Systematics of the Cape legless skink Acontias meleagris species complex

Engelbrecht, Hanlie M. (2013-03)

Thesis (MSc)--Stellenbosch University, 2013.

Thesis

This study examined the biogeography and taxonomic status of the Cape legless skink, Acontias meleagris species complex using phylogenetic analyses, population genetics, demographic history aspects, time of lineage diversification estimation, environmental statistic analyses and a morphological evaluation. A total of 231 specimens from 55 localities were collected from the entire known distribution range of the A. meleagris complex throughout the Eastern, Northern and Western Cape, South Africa. Partial sequence data were collected from two mitochondrial DNA loci, 16S rRNA and cytochrome oxidase subunit one (COI), and one protein-coding nuclear DNA locus, exophilin 5 (EXPH 5). DNA sequences were analyzed for phylogenetic methods and biogeographical dating, while population genetic analyses were conducted on the COI sequences. Geographical boundaries amongst cryptic lineages were determined and evolutionary drivers of cladogenesis within the species complex were inferred. Marked genetic structure was observed within the A. meleagris complex, and five clades were retrieved, most of which were statistically well supported. These five clades were also evident within the haplotypic analyses and were characterized by demographic stability. Lineage diversification and the current biogeographical patterning observed for lineages within the A. meleagris species complex reflect the impact of sea level oscillations on historical coastal habitat availability. Additional historical evolutionary drivers within this subterranean species complex were inferred and discussed. The five clades within this species complex were considered discrete species, characterised by phylogenetic and biogeographic distinctiveness. While, morphological characters that could be used to identify the five species demonstrated widespread overlap for morphometric and meristic characters as well as colour pattering. Consequently, the phylogenetic species concept was employed for a taxonomical revision of A. meleagris sensu lato. Here, three of the previously recognised subspecies A. m. meleagris, A. m. orientalis and A. m. orientalis–'lineicauda' were elevated to full species, and two new species A. caurinus sp. nov. and A. parilis sp. nov. were described.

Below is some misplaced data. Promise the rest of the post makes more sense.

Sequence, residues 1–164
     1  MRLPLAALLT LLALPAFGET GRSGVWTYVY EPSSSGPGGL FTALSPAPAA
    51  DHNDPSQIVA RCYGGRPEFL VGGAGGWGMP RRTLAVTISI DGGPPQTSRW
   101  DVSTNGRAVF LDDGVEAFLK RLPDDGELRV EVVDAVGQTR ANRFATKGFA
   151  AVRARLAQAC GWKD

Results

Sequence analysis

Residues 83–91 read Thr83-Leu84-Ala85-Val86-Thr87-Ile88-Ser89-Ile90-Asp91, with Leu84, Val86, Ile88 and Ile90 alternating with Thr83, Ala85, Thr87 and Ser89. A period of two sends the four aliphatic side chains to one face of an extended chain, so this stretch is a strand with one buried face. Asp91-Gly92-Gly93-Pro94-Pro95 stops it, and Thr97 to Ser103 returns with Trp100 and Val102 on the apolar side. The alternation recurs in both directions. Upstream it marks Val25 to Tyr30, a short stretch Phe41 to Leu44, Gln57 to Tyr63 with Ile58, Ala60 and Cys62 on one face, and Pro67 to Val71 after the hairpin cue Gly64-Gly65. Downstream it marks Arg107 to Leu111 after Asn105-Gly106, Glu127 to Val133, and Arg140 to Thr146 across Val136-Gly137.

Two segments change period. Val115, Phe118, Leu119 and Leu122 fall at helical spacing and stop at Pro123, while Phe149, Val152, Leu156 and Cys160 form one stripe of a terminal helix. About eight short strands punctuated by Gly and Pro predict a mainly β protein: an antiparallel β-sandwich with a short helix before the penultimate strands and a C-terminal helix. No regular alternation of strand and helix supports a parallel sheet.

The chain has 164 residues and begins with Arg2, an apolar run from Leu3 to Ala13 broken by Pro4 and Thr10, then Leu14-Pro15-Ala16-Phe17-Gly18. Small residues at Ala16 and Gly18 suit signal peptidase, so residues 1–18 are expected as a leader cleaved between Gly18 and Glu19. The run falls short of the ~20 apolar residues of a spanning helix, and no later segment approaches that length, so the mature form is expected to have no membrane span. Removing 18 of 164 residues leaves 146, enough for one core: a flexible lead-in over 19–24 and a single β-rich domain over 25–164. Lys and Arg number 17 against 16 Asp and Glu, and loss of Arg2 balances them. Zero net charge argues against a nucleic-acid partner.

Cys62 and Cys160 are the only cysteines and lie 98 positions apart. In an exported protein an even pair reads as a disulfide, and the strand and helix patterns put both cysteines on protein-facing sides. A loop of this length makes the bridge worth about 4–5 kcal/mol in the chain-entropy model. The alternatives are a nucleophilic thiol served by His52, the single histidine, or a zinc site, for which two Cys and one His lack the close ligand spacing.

Please refer to this item in SUNScholar by using the following persistent URL: http://hdl.handle.net/10019.1/79789
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